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Let $X$ be a smooth projective variety over $\mathbb{C}$. The Hilbert scheme on $X$ parametrizes quotients $\mathcal{O}_X \to E$ with fixed Hilbert polynomial. Let us fix the Hilbert polynomial to lead to subschemes of codimension at least $2$. Then we can also look at the moduli space parametrizing semistable rank $1$ sheaves with corresponding Hilbert polynomial and trivial determinant, i.e. ideal sheaves.

Whenever we have a family of quotients, we can take the kernel to get a family of ideal sheaves. That should induce a bijective morphism. However, it seems unclear to me how to get an inverse morphisms.

Under what kind of hypotheses are these two moduli spaces the same? I am in particular interested in the case of Hilbert schemes of curves in $\mathbb{P}^3$.

Edit: Since I never wrote it down and it came up in the comments, let me write down what the functors are I am exactly talking about.

The Hilbert scheme represents the functor that maps $S$ to quotients $\mathcal{O}_{X \times S} \to E$ that are flat over the base $S$.

The moduli of semistable sheaves represents the functor that maps $S$ to flat families $E \in \operatorname{Coh}(X \times S)$ of semistable sheaves modulo tensoring with line bundles pulled back from $S$.

We then look at the corresponding connected components coming from fixing the Hilbert polynomial and ask whether they are the same.

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It seems to me that $$\mathscr{I}_Z^{\vee\vee}\simeq \mathscr{O}_X,$$ because the left-hand side is reflexive and isomorphic to $\mathscr{O}_X$ away from $Z$, which has codimension at least $2$ by assumption. In other words, the abstract sheaf $\mathscr{I}_Z$ is canonically embedded in $\mathscr{O}_X$ via the double-dual map $$\mathscr{I}_Z\to \mathscr{I}_Z^{\vee\vee}\simeq \mathscr{O}_X.$$

So the inverse map you are looking for is induced by $$\mathscr{I}_Z\mapsto (\mathscr{O}_X\simeq\mathscr{I}_Z^{\vee\vee}\to \text{coker}(\mathscr{I}_Z\to \mathscr{I}_Z^{\vee\vee})\simeq \mathscr{O}_Z).$$

I suppose I used that $X$ is smooth in the identification $$\mathscr{I}_Z^{\vee\vee}\simeq \mathscr{O}_X,$$ but you can probably relax this a bit. (I'm a little worried about making this work in families, which is, strictly speaking, necessary; so this answer is not quite complete.)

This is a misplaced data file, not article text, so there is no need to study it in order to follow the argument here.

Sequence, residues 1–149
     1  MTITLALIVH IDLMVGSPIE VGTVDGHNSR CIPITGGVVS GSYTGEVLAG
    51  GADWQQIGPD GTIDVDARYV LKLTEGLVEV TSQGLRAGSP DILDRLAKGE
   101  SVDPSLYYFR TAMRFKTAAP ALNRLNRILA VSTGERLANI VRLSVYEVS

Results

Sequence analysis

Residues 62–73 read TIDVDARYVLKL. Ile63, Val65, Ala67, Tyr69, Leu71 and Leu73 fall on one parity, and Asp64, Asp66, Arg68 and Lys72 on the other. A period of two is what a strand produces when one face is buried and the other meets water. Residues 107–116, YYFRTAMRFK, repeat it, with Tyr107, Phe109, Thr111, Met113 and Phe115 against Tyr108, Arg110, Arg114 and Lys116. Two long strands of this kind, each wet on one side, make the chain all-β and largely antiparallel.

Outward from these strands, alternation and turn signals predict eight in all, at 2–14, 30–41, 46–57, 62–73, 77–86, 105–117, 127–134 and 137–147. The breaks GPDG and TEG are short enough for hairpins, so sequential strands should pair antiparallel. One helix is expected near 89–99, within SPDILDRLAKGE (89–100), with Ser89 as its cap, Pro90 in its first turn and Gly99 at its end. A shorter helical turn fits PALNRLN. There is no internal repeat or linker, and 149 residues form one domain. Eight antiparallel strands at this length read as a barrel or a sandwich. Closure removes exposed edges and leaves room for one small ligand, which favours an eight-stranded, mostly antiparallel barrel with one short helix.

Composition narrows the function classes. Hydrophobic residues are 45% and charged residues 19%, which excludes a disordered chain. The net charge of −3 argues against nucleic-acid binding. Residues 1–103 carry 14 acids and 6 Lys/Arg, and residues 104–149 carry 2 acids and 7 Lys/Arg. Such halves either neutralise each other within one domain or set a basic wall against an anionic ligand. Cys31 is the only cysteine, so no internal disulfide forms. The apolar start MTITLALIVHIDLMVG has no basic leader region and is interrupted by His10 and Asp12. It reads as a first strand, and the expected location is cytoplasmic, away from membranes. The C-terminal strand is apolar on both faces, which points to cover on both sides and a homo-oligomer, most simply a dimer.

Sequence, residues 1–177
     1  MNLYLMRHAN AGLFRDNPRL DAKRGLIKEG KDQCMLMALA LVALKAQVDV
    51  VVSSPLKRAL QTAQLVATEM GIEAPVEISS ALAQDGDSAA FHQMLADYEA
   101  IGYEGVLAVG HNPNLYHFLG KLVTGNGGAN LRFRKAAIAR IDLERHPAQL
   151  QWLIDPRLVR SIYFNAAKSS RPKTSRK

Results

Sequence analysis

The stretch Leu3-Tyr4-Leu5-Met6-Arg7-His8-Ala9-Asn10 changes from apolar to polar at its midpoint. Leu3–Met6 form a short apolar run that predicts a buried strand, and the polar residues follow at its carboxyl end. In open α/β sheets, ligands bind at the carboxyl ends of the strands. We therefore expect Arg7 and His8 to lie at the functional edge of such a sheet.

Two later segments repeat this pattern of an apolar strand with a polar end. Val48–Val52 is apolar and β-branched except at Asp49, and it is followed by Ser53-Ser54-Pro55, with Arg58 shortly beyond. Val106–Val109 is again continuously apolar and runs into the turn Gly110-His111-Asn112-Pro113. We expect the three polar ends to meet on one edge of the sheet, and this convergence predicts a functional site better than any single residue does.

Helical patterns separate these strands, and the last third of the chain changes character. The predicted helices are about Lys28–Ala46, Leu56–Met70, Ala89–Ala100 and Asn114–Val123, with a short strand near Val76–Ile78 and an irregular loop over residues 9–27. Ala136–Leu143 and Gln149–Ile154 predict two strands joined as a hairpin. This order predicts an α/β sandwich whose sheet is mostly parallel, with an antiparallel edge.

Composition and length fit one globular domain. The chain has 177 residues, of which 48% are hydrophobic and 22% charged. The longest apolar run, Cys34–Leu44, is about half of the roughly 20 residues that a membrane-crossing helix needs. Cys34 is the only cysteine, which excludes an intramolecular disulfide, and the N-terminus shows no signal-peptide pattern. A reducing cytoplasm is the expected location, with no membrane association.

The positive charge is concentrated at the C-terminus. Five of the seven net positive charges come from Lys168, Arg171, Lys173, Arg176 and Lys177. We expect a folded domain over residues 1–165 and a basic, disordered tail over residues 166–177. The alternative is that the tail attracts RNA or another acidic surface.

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  • $\begingroup$ Does semi-stability of the ideal sheaf give no conditions on the corresponding subscheme? $\endgroup$ – Mattia Talpo Nov 15 '15 at 1:53
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    $\begingroup$ "I'm a little worried about making this work in families, which is, strictly speaking, necessary; so this answer is not quite complete." Please see EGA III_2, Corollaire 7.7.8.2, p. 70: $Y$ is the moduli space of sheaves, $X$ is the product of $Y$ and your fixed variety, $\mathcal{F}$ is the structure sheaf of $X$, and $\mathcal{G}$ is the universal ideal sheaf. Proj of the symmetric algebra of $\mathcal{N}$ is the scheme which naturally maps to the Hilbert scheme. It remains to prove that $\mathcal{N}$ is invertible. This can be checked on closed, affine, Artin subschemes of $Y$. $\endgroup$ – Jason Starr Nov 15 '15 at 16:30
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    $\begingroup$ By the way, if $X$ is a proper Deligne-Mumford stack (rather than a scheme), then existence of $\mathcal{N}$ is generalized via the following article: M. Lieblich, "Remarks on the stack of coherent algebras", Int. Math. Res. Not. 2006, Art. ID 75273. If $X$ is a proper Artin stack whose diagonal is finite, this follows from the following article: Olsson, M. "Hom-stacks and restriction of scalars." Duke Math. J. 134 (2006), no. 1, 139–164. $\endgroup$ – Jason Starr Nov 15 '15 at 18:55
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    $\begingroup$ Since formation of $\mathcal{N}$ is compatible with arbitrary base change, by Daniel's argument the base change of $\mathcal{N}$ from $Y$ to each closed point $y$ of $Y$ is a rank $1$ locally free sheaf. Also, by construction $\mathcal{N}$ is coherent. Thus, by Nakayama's Lemma, Zariski locally $\mathcal{N}$ is a quotient of the structure sheaf of $Y$. If the kernel of this quotient is not zero, then Krull's Intersection Theorem implies the same after base change to $\mathcal{O}_{Y,y}/\mathfrak{m}_{Y,y}^N$, which is Artinian. $\endgroup$ – Jason Starr Nov 20 '15 at 19:21
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    $\begingroup$ Jason's argument shows that $\mathscr{N}$ is a line bundle on $X\times S$ pulled back from the base $S$; to conclude that it is in fact trivial (and hence $\mathscr{N}^{\vee}$ is trivial, which is what we want) use that $\mathscr{N}^\vee\simeq \det(\mathscr{I}_Z)$ b/c it is so away from $Z$ (and its formation commutes w/ base change) and is locally free; but your condition is that $\det(\mathscr{I}_Z)$ is trivial. $\endgroup$ – Daniel Litt Nov 21 '15 at 3:50

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